Today, telecom operators aren’t just connectivity providers—the advent of quad play services means that along with internet access and wireless services, they’re also providing TV and mobile phone offerings.
But the quad-play offering isn’t new, and in an increasingly competitive market, telcos are trying to do more in order to differentiate and stand out from the crowd. A big area of focus for telcos is in the world of TV, media and entertainment, where they see a prime opportunity. AT&T for example, has made a huge play for this market with the acquisition of Time Warner. With the acquisition, not only will AT&T have its DirecTV service, but it will also own Turner Broadcasting and HBO—which means it will also own the likes of CNN, TBS, TNT and Warner Bros—making it a significant player in the TV market.
How Trade-In Can Retain TV Subscribers
One particular reason that telcos believe they have a role to play in the world of TV is because they benefit from a direct relationship with the subscriber—something that the broadcasters lack.
But telcos also have another vehicle they can take advantage of thanks to their quad play offering, in order to help them thrive in the TV market—mobile device trade-in services. On the face of things, it may seem that mobile trade-ins have little to do with a telco’s TV offering—but just in the same way that trade-ins can help an operator meet commercial targets for its mobile service offering by creating net adds by helping to entice new customers or having a customer recommit for 2 or more years via a device finance, trade-ins can be very complementary to meeting commercial numbers, and helping to attract and retain TV subscribers.
Let’s use AT&T as an example again. Even with just its DirecTV business, the operator will have commercial targets to meet for its TV offering; just in the same way that it will have targets to meet for its internet and wireless services; and targets to drive its mobile subscribers.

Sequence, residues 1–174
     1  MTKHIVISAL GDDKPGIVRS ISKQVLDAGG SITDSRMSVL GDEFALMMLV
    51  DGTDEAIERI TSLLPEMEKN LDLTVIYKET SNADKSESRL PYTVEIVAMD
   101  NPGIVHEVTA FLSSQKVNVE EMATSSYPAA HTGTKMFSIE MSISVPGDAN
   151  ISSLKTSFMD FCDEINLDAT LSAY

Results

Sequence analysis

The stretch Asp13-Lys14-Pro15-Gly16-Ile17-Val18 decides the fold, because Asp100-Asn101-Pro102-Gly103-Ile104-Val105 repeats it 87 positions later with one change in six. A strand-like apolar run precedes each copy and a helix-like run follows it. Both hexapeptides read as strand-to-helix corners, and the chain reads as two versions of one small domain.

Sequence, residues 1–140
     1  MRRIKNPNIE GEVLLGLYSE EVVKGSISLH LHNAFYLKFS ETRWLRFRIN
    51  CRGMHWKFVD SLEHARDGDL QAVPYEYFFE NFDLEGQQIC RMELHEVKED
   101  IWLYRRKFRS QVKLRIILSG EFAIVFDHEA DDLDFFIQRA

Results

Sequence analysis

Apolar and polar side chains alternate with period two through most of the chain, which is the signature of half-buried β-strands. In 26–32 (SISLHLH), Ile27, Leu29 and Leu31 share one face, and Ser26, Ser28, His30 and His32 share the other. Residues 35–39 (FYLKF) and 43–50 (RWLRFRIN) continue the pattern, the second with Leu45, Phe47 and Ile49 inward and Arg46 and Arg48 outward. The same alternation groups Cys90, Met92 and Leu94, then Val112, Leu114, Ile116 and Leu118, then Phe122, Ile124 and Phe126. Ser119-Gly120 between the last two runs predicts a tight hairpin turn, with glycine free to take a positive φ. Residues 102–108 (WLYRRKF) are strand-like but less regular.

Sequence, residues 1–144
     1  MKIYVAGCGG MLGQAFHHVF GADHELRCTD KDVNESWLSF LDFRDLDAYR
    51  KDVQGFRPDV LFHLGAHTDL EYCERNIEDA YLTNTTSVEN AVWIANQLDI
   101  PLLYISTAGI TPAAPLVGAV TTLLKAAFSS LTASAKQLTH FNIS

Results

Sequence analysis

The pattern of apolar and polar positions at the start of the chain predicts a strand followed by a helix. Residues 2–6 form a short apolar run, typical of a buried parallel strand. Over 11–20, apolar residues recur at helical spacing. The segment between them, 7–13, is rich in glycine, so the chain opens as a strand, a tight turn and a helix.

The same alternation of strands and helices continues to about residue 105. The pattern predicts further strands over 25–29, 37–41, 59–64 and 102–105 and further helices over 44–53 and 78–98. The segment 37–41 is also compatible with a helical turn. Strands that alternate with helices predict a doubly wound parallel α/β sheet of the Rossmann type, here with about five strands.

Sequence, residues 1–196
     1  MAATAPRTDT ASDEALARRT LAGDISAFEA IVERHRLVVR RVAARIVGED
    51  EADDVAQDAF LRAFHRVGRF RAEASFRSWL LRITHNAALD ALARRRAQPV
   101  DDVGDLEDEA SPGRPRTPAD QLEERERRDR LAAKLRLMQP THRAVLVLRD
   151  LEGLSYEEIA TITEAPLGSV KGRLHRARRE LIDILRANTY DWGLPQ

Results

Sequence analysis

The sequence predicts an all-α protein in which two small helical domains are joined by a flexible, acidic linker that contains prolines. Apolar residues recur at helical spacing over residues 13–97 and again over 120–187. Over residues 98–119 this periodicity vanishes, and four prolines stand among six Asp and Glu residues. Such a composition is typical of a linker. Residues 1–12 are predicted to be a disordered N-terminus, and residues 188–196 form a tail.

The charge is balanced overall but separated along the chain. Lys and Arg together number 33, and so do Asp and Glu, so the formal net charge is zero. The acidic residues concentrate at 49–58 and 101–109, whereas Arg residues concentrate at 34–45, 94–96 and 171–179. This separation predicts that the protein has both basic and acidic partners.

Mobile device trade-ins can be used by the operator to help meet those targets. When a subscriber opts to trade in a device and upgrade to a newer model, what typically happens is that the customer is recouping the latent value within the older device, and will use that money to contribute towards upgrading to a newer model—a model that they may have been unable to afford without that extra money—or is given as credit to put towards a payment plan, or is used in store as credit.
However, an operator can use that latent value in different ways. When a customer trades in a mobile device, an operator can offer that customer different ways in which to spend the money they receive for the trade-in—and not just spend it on a smartphone. In AT&T’s case, this could be as simple as saying this money could be put towards a DirecTV sports package. Not only does the customer remain a loyal customer on the mobile side of the business, trading in a device and upgrading, but they are also being offered a deal that normally, they wouldn’t have thought of. Offers such as these also help to drive TV subscriber figures—and may even lead to a customer subscribing to a sports package for good.
The Importance of a Trade-In Program
It’s not just a model that operators can use either—with OEMs advancing into different markets, it’s easy for Apple for example, to use this model to help drive sales of its Apple TV service via its own trade-in program (and with rumors of Apple launching its own streaming service, trade-ins could be a very helpful tool to help drive subscribers to this new service).
At HYLA , we believe that mobile device-trade ins are an important tool in an operator’s toolkit. Trade-in programs ensure that customers get the best deal, and retrieve the value in a device that would otherwise be left in a drawer or worse, thrown in the trash and end up in landfill. Not only are operators able to keep customers happy by giving them a good deal, but also, they can retrieve additional value from a pre-owned device by using the device again—whether that’s for insurance purposes or selling into different markets outside of the US. And finally, the environment benefits from devices having a longer life, and becoming less disposable.
With the lines between TV, mobiles and internet access blurring, operators need to ensure they remain relevant, but also keep their customers loyal. Mobile device trade-ins are a great way for operators to maintain customer loyalty as they expand into new markets.
If you’d like some more information on how HYLA Mobile can support your trade-in program, get in touch with us today.